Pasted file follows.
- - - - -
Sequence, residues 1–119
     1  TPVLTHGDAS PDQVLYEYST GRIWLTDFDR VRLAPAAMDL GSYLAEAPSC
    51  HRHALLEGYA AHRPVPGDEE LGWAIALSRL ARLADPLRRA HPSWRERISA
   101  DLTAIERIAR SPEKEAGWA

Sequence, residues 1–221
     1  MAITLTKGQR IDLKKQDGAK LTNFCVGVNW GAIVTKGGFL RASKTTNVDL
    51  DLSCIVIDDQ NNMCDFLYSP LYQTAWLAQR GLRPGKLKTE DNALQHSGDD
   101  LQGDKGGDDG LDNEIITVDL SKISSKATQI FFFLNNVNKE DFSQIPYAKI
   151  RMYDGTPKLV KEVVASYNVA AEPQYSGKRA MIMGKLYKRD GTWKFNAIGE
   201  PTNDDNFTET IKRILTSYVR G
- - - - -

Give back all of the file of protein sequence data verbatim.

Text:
Sequence, residues 1–119
     1  TPVLTHGDAS PDQVLYEYST GRIWLTDFDR VRLAPAAMDL GSYLAEAPSC
    51  HRHALLEGYA AHRPVPGDEE LGWAIALSRL ARLADPLRRA HPSWRERISA
   101  DLTAIERIAR SPEKEAGWA

Sequence, residues 1–221
     1  MAITLTKGQR IDLKKQDGAK LTNFCVGVNW GAIVTKGGFL RASKTTNVDL
    51  DLSCIVIDDQ NNMCDFLYSP LYQTAWLAQR GLRPGKLKTE DNALQHSGDD
   101  LQGDKGGDDG LDNEIITVDL SKISSKATQI FFFLNNVNKE DFSQIPYAKI
   151  RMYDGTPKLV KEVVASYNVA AEPQYSGKRA MIMGKLYKRD GTWKFNAIGE
   201  PTNDDNFTET IKRILTSYVR G